CARPS (Carlow) - Posts: 554 - 01/08/2023 14:03:53 2498354Link 0
The greatest football county of them all, Kerry, had a panel of 26 for last weekend's All-Ireland final. 13 of them came from Tralee and Killarney. That's, obviously, 50%.
Kerry's population is 156,458. There are 14,504 in Killarney and 26,079 in Tralee. So, collectively, they amount to 25% of the county, but half the county football panel.
We have it the other way around.
As said above, and in many previous posts, we need a radical plan for Carlow and Tullow towns. And vested interests will have to be toppled. Otherwise, we are wasting our time.
CARPS (Carlow) - Posts: 554 - 01/08/2023 14:09:11 2498357Link 0
Now I don't think most clubs around the county can do that and that's where I come with my other ideas, I've seen it first hand, I'm involved with two juvenile teams, and it's my opinion based on experience that if you can't offer what I've mentioned above then you would be better as a part of some form of amalgamation, if 60 young lads walked into a small Club in the morning they would be gone after a week. The clubs wouldn't cope.
Tullow and bagenalstown are a bit disappointing although both are improving, if a bad culture takes hold it can be hard to improve it but there are better signs in recent years that tullow in particular are making strides, in a minor final in 21 I think semi in 20 won division 2 last year, that's solid enough, some good people involved there too.
Great people involved in every Club, I'm definitely not trying to undermine anyone's work, it's a fair commitment being involved in teams it can be very rewarding too, watching players improve and succeed and success is not always about medals it can come in many guises, for some just getting out on the field is success in itself.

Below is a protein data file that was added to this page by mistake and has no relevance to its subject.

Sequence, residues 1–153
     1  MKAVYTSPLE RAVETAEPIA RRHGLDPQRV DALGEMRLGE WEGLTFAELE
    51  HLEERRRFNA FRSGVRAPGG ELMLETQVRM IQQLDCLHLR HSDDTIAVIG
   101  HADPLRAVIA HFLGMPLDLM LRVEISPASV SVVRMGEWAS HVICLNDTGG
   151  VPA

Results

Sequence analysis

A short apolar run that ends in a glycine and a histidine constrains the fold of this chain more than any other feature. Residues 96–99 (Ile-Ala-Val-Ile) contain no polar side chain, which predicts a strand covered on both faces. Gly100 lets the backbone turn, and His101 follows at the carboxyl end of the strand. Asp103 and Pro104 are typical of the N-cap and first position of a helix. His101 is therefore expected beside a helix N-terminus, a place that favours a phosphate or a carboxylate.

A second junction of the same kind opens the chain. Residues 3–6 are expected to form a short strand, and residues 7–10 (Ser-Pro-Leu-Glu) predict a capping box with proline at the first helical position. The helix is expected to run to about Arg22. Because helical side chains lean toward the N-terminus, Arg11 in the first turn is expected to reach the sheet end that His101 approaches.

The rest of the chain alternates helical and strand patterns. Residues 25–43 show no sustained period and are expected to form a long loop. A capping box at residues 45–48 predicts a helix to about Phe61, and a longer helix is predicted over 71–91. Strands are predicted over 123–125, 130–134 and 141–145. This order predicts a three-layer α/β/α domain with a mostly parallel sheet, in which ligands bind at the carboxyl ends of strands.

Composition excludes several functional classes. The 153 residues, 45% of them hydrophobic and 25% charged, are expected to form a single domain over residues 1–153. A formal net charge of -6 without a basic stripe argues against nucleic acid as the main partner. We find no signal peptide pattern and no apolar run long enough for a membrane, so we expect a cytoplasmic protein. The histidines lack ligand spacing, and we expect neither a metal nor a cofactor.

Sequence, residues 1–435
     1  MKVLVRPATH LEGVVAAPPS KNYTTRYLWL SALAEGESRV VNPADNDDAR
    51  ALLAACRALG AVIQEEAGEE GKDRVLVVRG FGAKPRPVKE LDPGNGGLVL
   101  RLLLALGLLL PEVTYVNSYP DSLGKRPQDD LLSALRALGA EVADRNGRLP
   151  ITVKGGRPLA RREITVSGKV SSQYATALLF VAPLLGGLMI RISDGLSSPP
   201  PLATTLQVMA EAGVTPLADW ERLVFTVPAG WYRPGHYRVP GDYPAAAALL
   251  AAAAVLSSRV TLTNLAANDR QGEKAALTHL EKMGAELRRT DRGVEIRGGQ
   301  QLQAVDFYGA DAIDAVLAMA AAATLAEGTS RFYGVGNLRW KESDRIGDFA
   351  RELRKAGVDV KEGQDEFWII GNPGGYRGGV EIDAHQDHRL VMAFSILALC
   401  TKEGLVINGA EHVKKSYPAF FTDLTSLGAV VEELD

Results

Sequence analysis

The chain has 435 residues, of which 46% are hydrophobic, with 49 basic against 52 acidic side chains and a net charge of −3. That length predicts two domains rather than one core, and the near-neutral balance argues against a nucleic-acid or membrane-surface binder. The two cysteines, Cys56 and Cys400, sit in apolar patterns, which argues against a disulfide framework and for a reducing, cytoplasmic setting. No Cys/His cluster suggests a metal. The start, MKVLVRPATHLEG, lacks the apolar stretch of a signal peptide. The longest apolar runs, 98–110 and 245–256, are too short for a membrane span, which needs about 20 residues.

If we want stronger carlow football then it needs major work. Sadly I don't hear any urgency coming from the county board/clubs. Most seem to be happy to plod along
Barrowsider (Carlow) - Posts: 1542 - 01/08/2023 16:52:29 2498410Link 0
As for James Clarke, James is a Tullow man, a St. Patrick's man but later on in years he transferred to Old Leighlin like you said.
You never mentioned Jim Murphy. I'm not sure about your knowledge on Carlow football or Hurling.
supersub15 (Carlow) - Posts: 2904 - 01/08/2023 19:46:34 2498460Link 1
Granted a lot of clubs are running around in circles, but the Carlow CB wouldn't even be bothered providing them with a decent circle for that.
I have brought this up with a family member about why the CB are not questioned more at meetings etc as they seem unanswerable to their clubs. He said you wouldn't last too long as a delegate if you ever tried.
Life is about standards and setting standards, we can say we have a "small population" but that's just an excuse for not having standards. I will harp on about this all the time, but look at the Carlow Training Centre, great facility but half thrown together. It even sets a mindset in young players going there, half job will do.